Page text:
The Reunion

Reunion — war-torn — Titan
Reunion — war-torn — Titan

Those were the three words that The Brainstormer gave me that sparked this story.  The Brainstormer is a fabulous little app created by Andrew Bosley, a free-lance artist that I know from church (he’s really amazing, make sure you check out his stuff!)  The pinwheel app gives you three random words or phrases: an object or person, an adjective, and a conflict idea.  It’s meant to be a way to get you, well, brainstorming, and I can testify that it works magically.  There are endless possibilities.

Why this particular combination struck me I can’t be sure.  Maybe it’s because I saw it soon after I had just gone to my family reunion.  Maybe it was the word “titan,” which has always been a favorite word of mine.  Whatever it was that made me choose to use this as a prompt, the result was interesting.  I tried to pretend I was a war-torn titan at a family reunion.  What would that be like?  Would it be a relief and a joy to be home, or maybe more stressful than comforting?  And then somehow some romance crept in there.  Sometimes it amazes me what leaks into my writing.  “Where did I even get this?”  I wonder. This piece is a perfect example, since I’m no titan, I’ve never been in a war, and I’m not super knowledgable about romance either.  That’s the beauty of creativity, though.  We don’t have to experience every situation to try and find a way to understand it.

The title of this piece so far is The Reunion.  I hope you enjoy it, and make sure to listen to the song I posted at the bottom, it’s awesome and I thought it fit nicely with everything.

The Reunion

It was like a nightmare.

People came at him from all sides, reaching out to him and staring him down with wide eyes.  He stepped back, but the door had already closed behind him; he was not fast enough to grab the handle before the first pair of arms wrapped around him.

“Welcome home!”  The woman smelled of fresh-baked cookies and other noxious sweets, and he tried to recoil but found he had nowhere to go: he stumbled straight into another claustrophobic embrace.

“We missed you so!”

“My, would you look at that scar!  However did that happen?”

“Oh don’t talk about that now dear, he’s only just gotten back…”

“It’s such a blessing that you could make it back in time for the reunion!”

“My son just thinks you’re such the hero…”

“How are you feeling?  We were worried about you after…”

Suddenly a hand found his, and he would have pulled away, except that his hand remembered that hand.  The fingers laced between his familiarly, and something warm and lovely ran up the length of his arm and spread through his whole body.  The twittering old women faded away as he turned and met eyes with her, his anchor in the sea of uneasiness.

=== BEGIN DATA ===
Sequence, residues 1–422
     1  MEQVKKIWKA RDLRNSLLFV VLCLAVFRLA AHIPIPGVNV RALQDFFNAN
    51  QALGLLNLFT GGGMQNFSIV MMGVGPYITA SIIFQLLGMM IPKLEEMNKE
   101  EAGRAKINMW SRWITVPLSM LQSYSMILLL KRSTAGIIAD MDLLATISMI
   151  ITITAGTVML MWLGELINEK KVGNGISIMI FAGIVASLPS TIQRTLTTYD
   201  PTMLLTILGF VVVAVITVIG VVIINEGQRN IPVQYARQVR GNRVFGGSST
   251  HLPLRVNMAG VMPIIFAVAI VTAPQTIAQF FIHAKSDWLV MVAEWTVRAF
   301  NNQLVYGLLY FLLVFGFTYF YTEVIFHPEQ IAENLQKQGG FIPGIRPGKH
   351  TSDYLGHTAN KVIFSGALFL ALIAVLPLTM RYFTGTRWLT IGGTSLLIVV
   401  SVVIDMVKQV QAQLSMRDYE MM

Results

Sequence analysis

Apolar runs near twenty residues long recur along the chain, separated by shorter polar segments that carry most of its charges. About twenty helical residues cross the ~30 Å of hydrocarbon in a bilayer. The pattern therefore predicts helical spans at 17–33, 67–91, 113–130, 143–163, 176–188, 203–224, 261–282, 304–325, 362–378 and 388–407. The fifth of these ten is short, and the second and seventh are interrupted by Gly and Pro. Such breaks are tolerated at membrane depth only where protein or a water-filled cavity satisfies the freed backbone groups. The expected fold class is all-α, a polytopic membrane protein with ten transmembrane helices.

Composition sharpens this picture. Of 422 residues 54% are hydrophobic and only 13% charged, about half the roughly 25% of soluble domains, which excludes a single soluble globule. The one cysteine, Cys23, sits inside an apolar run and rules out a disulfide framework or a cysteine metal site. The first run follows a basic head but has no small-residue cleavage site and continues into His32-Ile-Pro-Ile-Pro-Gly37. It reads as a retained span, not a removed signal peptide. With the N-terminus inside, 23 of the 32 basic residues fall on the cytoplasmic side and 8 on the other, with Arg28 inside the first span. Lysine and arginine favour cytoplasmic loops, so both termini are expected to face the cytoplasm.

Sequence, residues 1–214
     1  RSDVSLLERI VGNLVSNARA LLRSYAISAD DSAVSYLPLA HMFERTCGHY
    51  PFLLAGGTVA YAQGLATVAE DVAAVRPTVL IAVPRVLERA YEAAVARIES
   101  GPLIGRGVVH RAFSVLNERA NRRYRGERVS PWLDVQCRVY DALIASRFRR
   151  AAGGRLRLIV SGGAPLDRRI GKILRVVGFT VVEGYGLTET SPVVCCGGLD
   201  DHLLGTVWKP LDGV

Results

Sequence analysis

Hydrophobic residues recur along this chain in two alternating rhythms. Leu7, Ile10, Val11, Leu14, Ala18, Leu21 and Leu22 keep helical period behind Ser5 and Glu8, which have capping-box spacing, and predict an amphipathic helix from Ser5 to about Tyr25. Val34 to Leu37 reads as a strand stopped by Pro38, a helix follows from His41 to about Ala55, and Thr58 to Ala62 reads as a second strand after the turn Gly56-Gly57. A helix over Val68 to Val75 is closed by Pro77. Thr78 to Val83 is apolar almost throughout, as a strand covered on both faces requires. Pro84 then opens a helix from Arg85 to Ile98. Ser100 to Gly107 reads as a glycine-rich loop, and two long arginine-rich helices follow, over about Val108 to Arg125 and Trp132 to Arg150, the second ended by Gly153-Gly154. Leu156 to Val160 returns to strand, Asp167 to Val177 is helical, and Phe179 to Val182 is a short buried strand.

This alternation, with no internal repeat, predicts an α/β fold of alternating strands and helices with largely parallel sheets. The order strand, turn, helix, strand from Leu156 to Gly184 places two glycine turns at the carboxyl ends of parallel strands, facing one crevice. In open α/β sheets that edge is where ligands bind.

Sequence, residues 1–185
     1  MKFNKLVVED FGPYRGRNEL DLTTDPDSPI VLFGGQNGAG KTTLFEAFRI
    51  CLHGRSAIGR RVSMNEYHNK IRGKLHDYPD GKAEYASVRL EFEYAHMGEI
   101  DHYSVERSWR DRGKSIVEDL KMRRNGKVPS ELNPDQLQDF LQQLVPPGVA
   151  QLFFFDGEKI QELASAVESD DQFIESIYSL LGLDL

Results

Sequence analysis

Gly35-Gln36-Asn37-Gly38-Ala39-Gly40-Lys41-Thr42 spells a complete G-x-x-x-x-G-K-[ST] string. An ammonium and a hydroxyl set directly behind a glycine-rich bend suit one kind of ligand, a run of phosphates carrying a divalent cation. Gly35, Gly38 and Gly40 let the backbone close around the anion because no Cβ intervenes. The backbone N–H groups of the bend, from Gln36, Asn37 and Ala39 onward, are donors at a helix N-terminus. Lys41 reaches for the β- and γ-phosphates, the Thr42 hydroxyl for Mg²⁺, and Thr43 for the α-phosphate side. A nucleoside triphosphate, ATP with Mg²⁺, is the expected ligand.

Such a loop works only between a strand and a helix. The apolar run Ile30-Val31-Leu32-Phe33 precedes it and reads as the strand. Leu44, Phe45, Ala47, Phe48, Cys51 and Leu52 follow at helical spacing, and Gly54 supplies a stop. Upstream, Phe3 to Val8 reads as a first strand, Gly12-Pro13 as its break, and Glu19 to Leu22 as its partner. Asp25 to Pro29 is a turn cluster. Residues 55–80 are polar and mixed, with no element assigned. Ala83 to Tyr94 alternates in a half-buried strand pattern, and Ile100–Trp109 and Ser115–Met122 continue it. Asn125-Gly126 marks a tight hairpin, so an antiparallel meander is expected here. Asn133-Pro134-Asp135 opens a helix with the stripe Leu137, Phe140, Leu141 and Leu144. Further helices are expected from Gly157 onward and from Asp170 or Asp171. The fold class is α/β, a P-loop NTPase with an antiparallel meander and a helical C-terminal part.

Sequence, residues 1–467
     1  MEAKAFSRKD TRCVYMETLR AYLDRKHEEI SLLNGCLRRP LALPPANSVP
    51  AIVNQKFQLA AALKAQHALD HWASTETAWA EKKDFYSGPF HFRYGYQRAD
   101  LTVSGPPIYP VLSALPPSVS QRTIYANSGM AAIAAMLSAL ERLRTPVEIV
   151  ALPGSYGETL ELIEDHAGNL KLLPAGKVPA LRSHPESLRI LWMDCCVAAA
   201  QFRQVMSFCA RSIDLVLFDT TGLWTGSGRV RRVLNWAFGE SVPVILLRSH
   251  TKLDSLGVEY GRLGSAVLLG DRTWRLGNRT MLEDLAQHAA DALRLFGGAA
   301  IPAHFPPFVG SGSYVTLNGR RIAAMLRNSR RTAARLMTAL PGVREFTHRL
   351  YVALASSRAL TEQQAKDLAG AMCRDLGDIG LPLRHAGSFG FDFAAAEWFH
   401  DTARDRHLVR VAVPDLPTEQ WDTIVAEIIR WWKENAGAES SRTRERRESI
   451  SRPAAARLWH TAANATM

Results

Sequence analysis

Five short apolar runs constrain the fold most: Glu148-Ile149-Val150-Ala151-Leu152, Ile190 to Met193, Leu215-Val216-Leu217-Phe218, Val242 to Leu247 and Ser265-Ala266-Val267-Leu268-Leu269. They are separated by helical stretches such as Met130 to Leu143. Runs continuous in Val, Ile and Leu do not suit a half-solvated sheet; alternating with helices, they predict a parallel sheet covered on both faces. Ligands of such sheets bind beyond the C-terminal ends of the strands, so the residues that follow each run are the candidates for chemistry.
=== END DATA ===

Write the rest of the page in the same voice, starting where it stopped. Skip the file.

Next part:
“You all right?”  She asked him, her big brown eyes soft and comforting.  She was the only face he had ever wanted to see when he was gone, and now that he was back, her face was the only one that didn’t make him feel unsafe.

“Sure,” he replied as she carefully steered him around the little blobs of inconsequential relatives.

“It’s a lot all at once, I know,” she said, and suddenly he felt a pang of guilt.  These were his relatives, after all, not hers; it should have been him who was leading her around the hall.

“No, it’s fine,” he lied, squeezing her hand and ordering his lips to smile.  One side obeyed, but only very weakly, and he silently cursed it as it fell back to it’s usual limp state.

“We don’t have to stay the whole time,” she said softly, pulling out a chair for herself and sitting down.  He sat next to her, still holding her hand.  He was trying not to grip it so tightly, but it was hard.  She was his lifeline, but he couldn’t hold on to her the same way he did to real lifelines, he told his hand.  This wasn’t the ocean.  This wasn’t a battle of that kind.

“Whenever you want to leave, just let me know,” she continued.  He looked around the room— countless faces, some strangely familiar, some just strange.  Then he looked back at her.

“I don’t want to leave,” he said finally.  He felt his heart jump even as he spoke; he, the war hero who had faced droves of armed men without flinching, could feel his blood begin to chill at the thought of staying in that room with all those people.  “I can’t.  I already left all this once…  should at least try not to walk out on them again.”

She leaned over and kissed him.

“You’re the bravest man I know,” she whispered, smiling at him warmly.  He smiled back at her, and even though it was still a small smile, it was a real smile this time.  The fear wasn’t gone, but it was smaller now, as if she had taken some of it away when her lips left his.  He looked over the crowd again and felt a calmness settle over him.  He could do this.  Or, if he couldn’t, they could.  Together.



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